*********************


Conquered the World-Track two sees the group picking up some steam, still on the major key side of things but, moving smoothly to a bigger sound that shows the upward flow of the album as a whole. While there was a mild amount of delay and reverb on the vocals in Seize the Year, for “Conquered,” a visualization of the band playing this song out in a good sized arena or otherwise acoustically-liberal venue and achieving a similar sound feels quite appropriate. The slower tempo and ever-so-slight shift to a more serious tone –in both words and melody– evoke a self-reflective monologue –all without coming across as overbearing.

The instrumental bridges are not frantic or technically shocking here but ring out as solid and powerful, (especially the second, which introduces some strings subtly underneath the rest) thus leaning toward another aspect of imagining a live performance, where the less hectic solos are often admired for the visible expression and body language of the player. Near the end of the track, the listener is given yet another clock reference, though only for about 15 seconds. Still feels like it's added in there just for the sake of a “different factor” but at least they are consistent?


*********************


Passes You By-The mid-point of the EP is where the definite shift arrives. The band wants to show the other, more intense dimensions of their sound. Gone is the lighter classic rock and coming in is music that sees the scales tipped more toward alternative and hard rock. The start with solo bass is a nice change of pace and tends to snap you to attention. Once the full band drops in, the change is irrefutable: the tone has taken a more minor route and between the selected guitar effect, reverb sustained from the previous track and the primary beat from the bass and drums fronted in the mix...my first thoughts went to early Three Doors Down, circa 2003. Despite this association and hearing the music take a minor turn, the lyrics are very empowering: “Reach out and grab a hold of your life before it passes you by.”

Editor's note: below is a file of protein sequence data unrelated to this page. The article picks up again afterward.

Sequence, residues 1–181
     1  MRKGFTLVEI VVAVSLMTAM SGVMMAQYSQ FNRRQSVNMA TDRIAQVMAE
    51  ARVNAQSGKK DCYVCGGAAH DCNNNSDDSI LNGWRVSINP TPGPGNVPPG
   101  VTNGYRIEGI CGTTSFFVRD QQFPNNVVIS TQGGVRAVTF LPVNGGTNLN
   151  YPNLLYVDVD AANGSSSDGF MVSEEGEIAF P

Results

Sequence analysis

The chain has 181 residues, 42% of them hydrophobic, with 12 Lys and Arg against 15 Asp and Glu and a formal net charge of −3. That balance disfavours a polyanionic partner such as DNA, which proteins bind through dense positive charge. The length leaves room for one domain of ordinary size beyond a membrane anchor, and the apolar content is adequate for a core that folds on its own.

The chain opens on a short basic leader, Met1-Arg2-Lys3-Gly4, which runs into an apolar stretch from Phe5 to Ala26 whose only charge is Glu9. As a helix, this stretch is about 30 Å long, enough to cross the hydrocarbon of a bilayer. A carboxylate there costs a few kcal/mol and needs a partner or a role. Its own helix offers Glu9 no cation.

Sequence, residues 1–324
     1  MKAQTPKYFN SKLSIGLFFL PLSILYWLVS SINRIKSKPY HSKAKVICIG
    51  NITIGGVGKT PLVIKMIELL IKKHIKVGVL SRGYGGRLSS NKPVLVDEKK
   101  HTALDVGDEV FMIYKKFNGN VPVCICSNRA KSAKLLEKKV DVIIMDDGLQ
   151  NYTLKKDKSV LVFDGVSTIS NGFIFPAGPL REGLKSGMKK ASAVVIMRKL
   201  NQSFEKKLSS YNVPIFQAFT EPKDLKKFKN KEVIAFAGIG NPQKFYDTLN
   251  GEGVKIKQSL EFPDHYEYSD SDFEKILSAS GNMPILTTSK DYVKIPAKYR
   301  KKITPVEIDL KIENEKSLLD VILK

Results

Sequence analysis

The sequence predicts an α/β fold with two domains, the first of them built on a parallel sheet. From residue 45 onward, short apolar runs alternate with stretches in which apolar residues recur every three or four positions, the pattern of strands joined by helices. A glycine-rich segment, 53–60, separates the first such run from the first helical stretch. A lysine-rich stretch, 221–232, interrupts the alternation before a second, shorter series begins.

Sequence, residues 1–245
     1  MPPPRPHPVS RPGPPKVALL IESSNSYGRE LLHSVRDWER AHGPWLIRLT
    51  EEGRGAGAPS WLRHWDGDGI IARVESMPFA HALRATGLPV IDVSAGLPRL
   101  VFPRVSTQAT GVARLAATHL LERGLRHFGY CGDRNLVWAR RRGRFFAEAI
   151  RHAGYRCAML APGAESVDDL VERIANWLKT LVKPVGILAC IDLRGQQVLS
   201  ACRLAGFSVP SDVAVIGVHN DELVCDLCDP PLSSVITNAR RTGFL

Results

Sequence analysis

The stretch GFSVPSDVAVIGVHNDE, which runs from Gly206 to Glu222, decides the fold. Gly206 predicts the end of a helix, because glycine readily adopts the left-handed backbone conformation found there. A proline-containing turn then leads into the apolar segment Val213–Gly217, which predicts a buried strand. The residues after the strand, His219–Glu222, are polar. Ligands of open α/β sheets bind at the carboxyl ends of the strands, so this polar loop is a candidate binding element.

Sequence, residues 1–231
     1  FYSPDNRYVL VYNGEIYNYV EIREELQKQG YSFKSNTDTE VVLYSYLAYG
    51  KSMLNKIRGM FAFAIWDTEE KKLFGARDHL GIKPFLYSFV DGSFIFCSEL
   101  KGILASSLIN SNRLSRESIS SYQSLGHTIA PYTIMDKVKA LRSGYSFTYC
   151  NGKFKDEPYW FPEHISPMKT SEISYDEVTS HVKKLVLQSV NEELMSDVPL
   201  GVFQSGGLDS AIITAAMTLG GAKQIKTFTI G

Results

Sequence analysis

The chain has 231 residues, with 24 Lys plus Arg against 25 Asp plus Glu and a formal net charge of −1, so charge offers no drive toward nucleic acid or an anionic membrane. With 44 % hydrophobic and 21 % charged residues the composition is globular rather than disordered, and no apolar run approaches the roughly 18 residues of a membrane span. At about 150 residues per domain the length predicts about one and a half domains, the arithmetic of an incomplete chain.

In addition, and I may be stretching here, listening carefully enough to the lyrics lets another “random piece” fall away. The song closing rain storm that felt terribly out of place? Here we are given, “So clear your head, shake the cobwebs from your mind. Tell the rain no more distractions or selfish satisfactions...” Some logic restored maybe? The guitar fueled bridge and various solos once again highly impress; bringing in fierceness and solidifying that regardless of anything else, instrumental skill effortlessly carries over into each song. (as does another 30 seconds of clock ticking and now church bell chiming...)

*********************


Falling Faster-Edgiest track on the EP for sure. Though the vocally less aggressive verses momentarily soften things up, the progressive structure of the song is very obvious. The pre-chorus is melodically repetitive but the tension is there, with the necessary power for the refrain delivered by John belting out the last note. The harmonies belted on the titular phrase and general flow of the “long and short” five note guitar hook could even prompt intermittent head banging. The variety of guitar and bass effects and changing speeds played out in this track create an astutely assembled mosaic of metal and moshing components with purely strong rock. The latter does explode with vehemence but its inclusion makes it so you wouldn't necessarily want to jump around the room for the entire length of the song. The fourth ending installment of chiming goes back to plain tower bells and instead of rain, churning waves.